This law condemns all forms of discrimination against this population, with an eye to assuring that they get to exercise all their rights, duties and responsibilities without any discrimination.

Yesterday was World AIDS Day, a date chosen, says González, due to the first [known] case of the disease being diagnosed on this date in 1981.

[…]

González was emphatic in expressing to the public that they must leave behind fear and taboos, and seek information related to this illness, in order to avoid discrimination. He also emphasized the importance of any person at risk of contracting the virus to get the ELISA test, one of the most effective at detecting HIV.

González explained that HIV/AIDS can be transmitted through vaginal or anal sex, contaminated blood transfusions, contact with needles, syringes or other sharp objects, as well as from mother to fetus during pregnancy or childbirth.

He added that in the Hugo Chávez Frías Maternity and Children’s Hospital, located in the Caracas district of El Valle, the National Human Rights Network has its head office, where they are holding days of information, prevention and awareness about the disease.

“Our message is: Protect yourself, always use condoms, HIV does not discriminate, and we call upon you to become more aware every day of the persons who live with this condition,” González said.

Translation mine.

It’s important to note that AIDS has in fact been around much longer than initially thought. The first cases of a mysterious wasting illness, then known as “cachexie de Mayombe” in French, were seen in the Congo region of western-central Africa during the 1930s. Since the disease, as doctors now know, has a long lag time, of as many as 10 or 15 years between initial infection and outbreak of full-blown AIDS, it is suspected that the disease first spread from chimps to humans around 1915, when the Trans-Congo Railroad was being built through the region. The importation of rifles, which coincided with the building of the railway, made hunting of simians for bushmeat easier, and it is likely that a hunter butchering a chimp got SIV-contaminated blood in a cut, becoming the first human casualty of what until then was only a mildly infectious monkey virus. Since prostitution accompanied the railroad work camps, the virus was soon spread to women, who in turn passed it along heterosexually to other men. Poor sanitation in hospitals and clinics, and the common practice of recycling used needles, also contributed to the spread of the virus. The dark, purplish skin lesions of Kaposi’s Sarcoma, a rare form of cancer previously afflicting only elderly men, eventually became a common sight in the Congo region among younger adults.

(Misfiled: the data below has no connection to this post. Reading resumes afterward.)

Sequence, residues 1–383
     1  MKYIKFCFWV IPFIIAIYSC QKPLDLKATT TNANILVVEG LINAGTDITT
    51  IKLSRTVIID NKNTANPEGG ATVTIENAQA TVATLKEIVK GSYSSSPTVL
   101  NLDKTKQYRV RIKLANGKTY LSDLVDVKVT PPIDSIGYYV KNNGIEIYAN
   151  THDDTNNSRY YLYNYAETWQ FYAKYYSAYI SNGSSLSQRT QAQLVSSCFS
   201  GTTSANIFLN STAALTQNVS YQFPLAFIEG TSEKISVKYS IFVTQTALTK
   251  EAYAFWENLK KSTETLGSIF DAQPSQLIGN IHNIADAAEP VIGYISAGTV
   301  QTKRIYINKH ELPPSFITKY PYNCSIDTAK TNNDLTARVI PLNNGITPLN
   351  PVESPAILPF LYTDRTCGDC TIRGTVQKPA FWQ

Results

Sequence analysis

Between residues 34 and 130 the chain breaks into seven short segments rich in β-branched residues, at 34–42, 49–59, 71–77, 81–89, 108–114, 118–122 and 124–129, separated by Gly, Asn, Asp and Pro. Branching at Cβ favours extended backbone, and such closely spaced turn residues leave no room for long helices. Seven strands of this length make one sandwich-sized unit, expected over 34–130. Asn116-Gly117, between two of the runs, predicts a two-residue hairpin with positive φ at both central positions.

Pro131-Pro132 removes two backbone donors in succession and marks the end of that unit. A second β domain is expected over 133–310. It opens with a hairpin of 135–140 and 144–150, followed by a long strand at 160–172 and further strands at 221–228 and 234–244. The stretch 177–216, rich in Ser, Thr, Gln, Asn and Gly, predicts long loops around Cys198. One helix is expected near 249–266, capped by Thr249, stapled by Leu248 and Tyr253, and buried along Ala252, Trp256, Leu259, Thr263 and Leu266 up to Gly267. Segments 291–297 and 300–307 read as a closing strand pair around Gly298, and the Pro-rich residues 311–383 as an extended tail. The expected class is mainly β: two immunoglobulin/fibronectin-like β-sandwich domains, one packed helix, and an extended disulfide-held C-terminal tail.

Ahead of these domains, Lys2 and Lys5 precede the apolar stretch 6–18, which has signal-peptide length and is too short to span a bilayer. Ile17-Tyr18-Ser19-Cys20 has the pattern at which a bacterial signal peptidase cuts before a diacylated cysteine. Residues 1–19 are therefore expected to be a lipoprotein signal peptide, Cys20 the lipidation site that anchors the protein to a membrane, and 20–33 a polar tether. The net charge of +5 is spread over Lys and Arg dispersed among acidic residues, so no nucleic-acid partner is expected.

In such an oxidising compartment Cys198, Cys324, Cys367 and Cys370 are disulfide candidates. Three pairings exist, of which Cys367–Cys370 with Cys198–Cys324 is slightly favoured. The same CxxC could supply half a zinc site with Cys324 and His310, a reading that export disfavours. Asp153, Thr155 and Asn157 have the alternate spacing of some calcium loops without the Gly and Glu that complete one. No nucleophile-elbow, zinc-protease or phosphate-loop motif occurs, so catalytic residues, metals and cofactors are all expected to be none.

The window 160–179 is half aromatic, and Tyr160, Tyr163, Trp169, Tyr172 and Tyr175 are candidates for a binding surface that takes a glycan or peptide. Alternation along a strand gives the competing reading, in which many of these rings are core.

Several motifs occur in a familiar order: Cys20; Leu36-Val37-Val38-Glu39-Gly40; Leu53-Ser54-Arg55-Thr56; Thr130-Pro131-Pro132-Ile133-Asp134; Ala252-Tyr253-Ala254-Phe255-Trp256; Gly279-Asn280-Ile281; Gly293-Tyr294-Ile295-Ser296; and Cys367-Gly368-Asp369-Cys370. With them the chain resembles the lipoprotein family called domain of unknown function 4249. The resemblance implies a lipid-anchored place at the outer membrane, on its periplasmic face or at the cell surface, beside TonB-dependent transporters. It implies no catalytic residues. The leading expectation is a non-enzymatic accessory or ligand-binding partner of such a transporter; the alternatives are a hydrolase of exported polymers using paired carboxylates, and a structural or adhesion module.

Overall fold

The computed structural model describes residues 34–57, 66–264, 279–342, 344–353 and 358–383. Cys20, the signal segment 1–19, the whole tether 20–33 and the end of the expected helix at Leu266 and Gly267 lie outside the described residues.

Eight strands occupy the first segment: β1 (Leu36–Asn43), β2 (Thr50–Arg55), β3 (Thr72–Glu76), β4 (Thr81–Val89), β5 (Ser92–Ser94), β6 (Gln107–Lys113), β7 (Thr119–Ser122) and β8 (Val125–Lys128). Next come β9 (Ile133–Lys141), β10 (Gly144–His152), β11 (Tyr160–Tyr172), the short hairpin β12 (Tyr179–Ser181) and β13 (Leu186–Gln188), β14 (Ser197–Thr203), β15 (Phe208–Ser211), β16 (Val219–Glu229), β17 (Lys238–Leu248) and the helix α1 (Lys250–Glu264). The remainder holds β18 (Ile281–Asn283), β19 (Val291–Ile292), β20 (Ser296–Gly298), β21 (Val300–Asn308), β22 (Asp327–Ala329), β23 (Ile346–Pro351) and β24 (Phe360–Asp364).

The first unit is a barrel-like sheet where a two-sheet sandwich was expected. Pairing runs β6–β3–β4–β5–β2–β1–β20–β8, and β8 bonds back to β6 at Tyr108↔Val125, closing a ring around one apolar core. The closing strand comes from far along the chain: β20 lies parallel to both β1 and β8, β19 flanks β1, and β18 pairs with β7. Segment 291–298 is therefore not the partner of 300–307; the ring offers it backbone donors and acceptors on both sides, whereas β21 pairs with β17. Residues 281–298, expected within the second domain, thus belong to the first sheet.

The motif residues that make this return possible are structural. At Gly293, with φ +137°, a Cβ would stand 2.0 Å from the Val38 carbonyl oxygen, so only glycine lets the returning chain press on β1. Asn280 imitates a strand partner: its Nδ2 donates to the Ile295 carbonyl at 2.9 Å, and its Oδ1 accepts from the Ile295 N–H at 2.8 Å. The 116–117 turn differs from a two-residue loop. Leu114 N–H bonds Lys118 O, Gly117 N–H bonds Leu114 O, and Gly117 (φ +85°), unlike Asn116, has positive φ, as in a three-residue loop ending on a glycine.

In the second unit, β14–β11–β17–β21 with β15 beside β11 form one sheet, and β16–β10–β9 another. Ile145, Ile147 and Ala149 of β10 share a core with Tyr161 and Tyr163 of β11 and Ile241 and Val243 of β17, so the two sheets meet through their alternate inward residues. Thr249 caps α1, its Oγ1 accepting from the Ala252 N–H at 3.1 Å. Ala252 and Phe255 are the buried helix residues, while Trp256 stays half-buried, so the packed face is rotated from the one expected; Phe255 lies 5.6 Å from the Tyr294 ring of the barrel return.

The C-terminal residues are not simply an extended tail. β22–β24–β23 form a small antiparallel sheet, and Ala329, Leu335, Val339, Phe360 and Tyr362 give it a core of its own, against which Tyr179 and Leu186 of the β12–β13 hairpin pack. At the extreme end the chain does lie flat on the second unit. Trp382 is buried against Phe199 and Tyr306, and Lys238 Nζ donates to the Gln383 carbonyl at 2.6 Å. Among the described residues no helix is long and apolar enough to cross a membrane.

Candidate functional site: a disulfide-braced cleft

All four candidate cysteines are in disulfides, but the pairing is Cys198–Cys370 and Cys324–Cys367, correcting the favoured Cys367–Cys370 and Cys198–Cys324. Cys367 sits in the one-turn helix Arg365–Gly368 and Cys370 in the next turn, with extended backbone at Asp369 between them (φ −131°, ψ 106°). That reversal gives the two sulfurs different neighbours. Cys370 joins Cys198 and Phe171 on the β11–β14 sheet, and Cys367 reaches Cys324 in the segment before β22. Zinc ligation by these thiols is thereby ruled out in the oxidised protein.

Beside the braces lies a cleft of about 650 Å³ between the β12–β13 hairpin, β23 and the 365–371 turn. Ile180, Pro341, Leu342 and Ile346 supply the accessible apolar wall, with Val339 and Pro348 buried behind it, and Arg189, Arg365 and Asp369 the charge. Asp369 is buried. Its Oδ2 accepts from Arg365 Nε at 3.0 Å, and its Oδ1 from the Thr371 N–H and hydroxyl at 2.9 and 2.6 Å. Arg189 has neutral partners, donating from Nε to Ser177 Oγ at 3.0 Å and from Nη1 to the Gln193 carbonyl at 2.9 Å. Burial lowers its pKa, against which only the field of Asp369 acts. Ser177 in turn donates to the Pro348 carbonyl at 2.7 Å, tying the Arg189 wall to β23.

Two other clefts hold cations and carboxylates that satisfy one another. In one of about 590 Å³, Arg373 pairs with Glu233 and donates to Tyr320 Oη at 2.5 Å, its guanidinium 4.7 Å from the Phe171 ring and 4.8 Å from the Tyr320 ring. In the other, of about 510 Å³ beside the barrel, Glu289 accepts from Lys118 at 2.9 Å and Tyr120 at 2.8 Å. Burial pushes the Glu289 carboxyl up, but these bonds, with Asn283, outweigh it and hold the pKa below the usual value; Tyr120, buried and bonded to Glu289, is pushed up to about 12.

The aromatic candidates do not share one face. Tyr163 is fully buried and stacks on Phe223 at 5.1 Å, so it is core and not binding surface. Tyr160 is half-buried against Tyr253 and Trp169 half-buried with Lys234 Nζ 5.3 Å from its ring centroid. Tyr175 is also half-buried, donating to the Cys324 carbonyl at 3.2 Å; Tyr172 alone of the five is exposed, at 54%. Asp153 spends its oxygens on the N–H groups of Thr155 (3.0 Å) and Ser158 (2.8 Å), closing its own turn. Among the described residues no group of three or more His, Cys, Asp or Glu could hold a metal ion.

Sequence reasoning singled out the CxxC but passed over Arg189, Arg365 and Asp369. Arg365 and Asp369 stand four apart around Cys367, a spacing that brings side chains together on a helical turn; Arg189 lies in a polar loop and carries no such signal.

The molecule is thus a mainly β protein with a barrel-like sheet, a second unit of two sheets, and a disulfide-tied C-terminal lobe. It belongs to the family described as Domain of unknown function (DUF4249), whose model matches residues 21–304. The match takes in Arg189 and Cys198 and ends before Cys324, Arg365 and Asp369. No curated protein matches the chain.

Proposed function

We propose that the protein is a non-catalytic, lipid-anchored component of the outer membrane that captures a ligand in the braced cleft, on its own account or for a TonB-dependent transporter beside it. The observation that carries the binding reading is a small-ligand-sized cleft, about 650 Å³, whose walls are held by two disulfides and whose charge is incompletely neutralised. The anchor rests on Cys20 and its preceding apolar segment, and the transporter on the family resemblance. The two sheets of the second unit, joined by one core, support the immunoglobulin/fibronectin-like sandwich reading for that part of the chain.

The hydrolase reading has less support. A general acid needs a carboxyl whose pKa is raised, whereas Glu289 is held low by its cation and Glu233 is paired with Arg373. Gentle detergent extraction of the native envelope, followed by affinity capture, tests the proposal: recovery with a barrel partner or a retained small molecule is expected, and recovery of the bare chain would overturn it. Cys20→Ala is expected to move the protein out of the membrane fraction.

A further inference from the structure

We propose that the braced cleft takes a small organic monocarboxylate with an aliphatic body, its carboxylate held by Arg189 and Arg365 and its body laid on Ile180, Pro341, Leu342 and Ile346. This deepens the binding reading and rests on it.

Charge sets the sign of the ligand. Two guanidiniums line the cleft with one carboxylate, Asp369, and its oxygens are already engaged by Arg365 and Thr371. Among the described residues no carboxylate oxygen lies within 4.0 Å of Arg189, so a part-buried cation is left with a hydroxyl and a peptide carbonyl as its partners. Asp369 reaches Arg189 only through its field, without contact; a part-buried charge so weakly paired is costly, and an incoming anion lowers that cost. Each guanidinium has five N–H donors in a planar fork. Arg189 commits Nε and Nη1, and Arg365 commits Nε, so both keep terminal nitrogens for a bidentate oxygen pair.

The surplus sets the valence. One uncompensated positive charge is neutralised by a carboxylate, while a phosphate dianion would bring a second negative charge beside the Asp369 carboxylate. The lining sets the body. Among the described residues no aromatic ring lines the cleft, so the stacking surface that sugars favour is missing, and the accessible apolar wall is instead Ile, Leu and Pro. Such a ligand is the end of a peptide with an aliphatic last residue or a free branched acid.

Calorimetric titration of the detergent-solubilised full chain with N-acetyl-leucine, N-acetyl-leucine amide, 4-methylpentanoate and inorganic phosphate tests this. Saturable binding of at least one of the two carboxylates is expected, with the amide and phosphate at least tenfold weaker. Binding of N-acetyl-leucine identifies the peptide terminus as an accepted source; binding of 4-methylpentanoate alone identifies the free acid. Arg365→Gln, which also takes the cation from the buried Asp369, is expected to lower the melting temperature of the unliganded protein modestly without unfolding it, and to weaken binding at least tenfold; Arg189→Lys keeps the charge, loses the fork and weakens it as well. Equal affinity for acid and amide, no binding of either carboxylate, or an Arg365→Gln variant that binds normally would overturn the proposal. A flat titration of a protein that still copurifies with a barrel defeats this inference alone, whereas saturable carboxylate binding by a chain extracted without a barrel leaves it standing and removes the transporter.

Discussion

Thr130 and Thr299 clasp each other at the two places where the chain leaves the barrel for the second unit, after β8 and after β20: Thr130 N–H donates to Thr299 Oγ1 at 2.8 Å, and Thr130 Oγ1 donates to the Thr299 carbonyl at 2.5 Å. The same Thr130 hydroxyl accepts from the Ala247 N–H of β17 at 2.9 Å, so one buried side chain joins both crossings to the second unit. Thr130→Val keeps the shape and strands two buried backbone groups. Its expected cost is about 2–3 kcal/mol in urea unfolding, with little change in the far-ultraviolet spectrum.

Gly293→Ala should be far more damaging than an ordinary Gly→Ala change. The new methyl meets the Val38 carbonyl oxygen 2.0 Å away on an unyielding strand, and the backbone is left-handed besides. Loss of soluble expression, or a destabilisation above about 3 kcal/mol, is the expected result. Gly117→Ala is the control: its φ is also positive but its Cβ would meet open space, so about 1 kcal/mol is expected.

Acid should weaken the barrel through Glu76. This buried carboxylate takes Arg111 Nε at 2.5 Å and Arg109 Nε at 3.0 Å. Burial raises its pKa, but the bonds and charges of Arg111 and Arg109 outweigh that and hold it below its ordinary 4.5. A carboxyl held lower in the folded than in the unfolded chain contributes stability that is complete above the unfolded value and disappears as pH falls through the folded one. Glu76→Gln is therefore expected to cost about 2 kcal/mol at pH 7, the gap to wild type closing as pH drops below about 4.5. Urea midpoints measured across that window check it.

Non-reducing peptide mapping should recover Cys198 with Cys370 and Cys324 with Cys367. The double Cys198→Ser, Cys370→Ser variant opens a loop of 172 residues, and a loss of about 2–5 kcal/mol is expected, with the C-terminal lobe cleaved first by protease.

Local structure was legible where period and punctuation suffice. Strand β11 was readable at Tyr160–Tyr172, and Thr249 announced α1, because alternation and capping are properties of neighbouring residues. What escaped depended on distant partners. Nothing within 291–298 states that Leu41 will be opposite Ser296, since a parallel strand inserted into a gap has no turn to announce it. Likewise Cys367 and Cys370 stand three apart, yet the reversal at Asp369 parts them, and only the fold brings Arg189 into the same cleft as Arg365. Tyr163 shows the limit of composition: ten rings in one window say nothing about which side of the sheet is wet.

The first European cases of the disease occurred as early as the 1950s, when sailors coming ashore in western Africa visited local brothels. At least one man is known to have passed the disease along to his wife, who then passed the virus along to their daughter during pregnancy. All died of a mysterious wasting illness whose symptoms match those of AIDS. The girl was just nine years old.

In 1976, a Danish doctor doing charity work in what was then called Zaire became the first known European non-sexually-transmitted casualty of the disease herself. Due to poor conditions in local hospitals, she was forced to operate without gloves. A needle-stick or a small scalpel nick was all it took for a patient’s infected blood to transmit the virus directly to her. Ironically, considering how AIDS later became known as the “gay plague”, the doctor was herself a lesbian — but her life partner, a nurse who stayed in Denmark, remained uninfected. It may now be regarded as a classic example of how this African disease favors blood-to-blood contact.